Major Depressive Disorder: Understanding the Mood Disorder

As human beings we tend to feel desolated over a melancholic event or death of a person or loss of a thing. Taking this into account, what else then is major depression? What makes it different from the normal sadness?

Major depression, also goes by the names such as major depressive disorder – MDD, recurrent depressive disorder, clinical depression, unipolar depression or unipolar disorder, is described as an all-encompassing low mood and reluctance to activities supposed found enjoyable. Patients with MDD are usually given an antidepressant like Zoloft that acts on chemicals in the brain. It is often given as a monotherapy as Zoloft can perilously interact with other substances including alcohol.

Often, we associate depression straightaway to both MDD and lower mood states lacking clinical significance. MDD may badly affects one’s health in general, family, work or school life, sleeping and eating proclivities. The fourth edition of the Diagnostic and Statistical Manual of Mental Disorder (DSM-IV-TR) has a few criteria for diagnosing depressive conditions.

At least one of the 2 major symptoms need to be present to be diagnosed with MDD – depressed mood and anhedonia (or the inadequacy to show enjoyment to an activity that used to be enjoyable). Moreover, these symptoms need to be consistent for at least a period of two weeks. Further, DSM –IV-TR excludes cases where the symptoms are accounted by bereavement although it is possible that an MDD might have evolved from the normal bereavement.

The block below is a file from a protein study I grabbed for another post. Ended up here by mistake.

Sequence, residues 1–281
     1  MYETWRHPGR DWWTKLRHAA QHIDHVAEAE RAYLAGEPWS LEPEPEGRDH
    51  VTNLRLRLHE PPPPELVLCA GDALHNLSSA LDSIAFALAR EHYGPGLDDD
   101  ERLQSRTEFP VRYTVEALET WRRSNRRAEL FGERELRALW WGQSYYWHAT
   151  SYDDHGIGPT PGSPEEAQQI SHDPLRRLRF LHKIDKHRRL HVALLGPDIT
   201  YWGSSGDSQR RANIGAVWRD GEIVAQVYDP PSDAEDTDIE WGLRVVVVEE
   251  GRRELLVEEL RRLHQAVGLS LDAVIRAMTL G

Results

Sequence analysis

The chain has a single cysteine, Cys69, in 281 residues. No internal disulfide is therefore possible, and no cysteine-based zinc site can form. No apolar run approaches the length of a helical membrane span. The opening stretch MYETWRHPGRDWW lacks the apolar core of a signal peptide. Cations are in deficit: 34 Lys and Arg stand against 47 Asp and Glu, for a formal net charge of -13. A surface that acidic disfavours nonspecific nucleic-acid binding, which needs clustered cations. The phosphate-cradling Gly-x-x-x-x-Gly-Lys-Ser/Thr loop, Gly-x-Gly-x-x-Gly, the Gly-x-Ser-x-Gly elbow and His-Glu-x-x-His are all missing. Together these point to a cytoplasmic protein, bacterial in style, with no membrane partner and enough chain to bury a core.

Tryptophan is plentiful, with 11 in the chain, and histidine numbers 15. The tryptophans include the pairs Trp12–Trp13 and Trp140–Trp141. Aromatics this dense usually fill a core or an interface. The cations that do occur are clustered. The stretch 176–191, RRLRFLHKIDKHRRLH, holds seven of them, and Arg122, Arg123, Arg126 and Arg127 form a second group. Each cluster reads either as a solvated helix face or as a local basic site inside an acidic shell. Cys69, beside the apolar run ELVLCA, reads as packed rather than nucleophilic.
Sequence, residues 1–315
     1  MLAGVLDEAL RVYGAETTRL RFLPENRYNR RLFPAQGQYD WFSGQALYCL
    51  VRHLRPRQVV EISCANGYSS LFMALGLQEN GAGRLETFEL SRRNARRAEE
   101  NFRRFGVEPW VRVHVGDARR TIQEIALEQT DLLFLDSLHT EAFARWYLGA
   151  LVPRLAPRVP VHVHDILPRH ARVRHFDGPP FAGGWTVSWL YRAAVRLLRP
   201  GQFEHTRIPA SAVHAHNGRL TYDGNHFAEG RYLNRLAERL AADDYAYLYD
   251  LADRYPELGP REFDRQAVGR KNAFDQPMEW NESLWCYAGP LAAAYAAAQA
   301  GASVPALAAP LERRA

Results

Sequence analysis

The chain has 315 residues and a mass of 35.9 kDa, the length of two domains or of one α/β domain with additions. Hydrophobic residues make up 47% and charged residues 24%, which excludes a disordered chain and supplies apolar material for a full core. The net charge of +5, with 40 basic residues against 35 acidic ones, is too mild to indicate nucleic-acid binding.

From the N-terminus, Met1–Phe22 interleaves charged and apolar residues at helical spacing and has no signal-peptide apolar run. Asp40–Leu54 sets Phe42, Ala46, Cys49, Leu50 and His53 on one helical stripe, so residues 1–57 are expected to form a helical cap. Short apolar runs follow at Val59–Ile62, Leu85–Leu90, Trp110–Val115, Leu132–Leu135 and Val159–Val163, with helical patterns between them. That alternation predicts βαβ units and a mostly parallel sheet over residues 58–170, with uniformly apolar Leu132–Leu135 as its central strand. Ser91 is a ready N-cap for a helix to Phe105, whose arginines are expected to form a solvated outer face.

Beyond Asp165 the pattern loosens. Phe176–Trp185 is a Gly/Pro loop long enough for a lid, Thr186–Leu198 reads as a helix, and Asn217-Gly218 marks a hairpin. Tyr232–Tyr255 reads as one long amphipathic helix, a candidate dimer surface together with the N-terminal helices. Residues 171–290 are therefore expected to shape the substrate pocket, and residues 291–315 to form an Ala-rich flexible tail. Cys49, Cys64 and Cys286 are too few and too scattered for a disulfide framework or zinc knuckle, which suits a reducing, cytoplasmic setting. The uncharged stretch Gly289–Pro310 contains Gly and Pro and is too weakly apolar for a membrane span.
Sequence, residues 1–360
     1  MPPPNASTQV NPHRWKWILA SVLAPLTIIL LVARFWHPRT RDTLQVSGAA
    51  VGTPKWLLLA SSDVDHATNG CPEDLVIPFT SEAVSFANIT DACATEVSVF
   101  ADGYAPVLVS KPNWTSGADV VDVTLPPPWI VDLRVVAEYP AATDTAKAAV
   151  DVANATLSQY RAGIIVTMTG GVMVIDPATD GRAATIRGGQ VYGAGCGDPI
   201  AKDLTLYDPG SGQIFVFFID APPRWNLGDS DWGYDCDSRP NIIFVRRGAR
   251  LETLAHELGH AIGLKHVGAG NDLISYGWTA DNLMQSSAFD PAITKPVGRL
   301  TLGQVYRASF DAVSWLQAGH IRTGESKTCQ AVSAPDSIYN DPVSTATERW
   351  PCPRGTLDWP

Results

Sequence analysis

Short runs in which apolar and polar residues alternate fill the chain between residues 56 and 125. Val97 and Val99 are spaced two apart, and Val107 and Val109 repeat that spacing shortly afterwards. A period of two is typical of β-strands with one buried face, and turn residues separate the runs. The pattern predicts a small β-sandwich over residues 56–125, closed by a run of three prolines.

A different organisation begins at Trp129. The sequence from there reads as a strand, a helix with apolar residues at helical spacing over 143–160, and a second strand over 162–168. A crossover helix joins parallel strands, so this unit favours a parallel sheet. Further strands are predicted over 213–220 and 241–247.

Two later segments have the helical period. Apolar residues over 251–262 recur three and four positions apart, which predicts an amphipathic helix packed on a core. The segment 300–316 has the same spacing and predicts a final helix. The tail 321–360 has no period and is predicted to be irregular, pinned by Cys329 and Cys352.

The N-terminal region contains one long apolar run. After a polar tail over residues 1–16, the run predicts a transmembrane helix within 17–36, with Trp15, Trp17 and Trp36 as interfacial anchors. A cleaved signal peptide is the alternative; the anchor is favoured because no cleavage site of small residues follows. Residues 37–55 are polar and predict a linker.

Still, the following symptoms may also be present in a person suffering from MDD:

  • Diminished ability to concentrate, or indecisiveness
  • Feelings of worthlessness or excessive or inappropriate guilt
  • Significant weight loss when not on a diet or weight gain, or a change in appetite
  • Psychomotor agitation or retardation
  • Insomnia or hypersomnia (excessive sleepiness)
  • Recurrent thoughts of death, recurrent suicidal ideation or a suicidal attempt
  • Fatigue or loss of energy

Mood disorders like MDD should not be taken lightly and medical consultation is advised. Above all, it is not advisable to take Zoloft if you are not diagnosed with MDD by a medical specialist. Adverse events may be unavoidable and Zoloft birth defects are likely to develop if you are pregnant or if you are planning to conceive a child.

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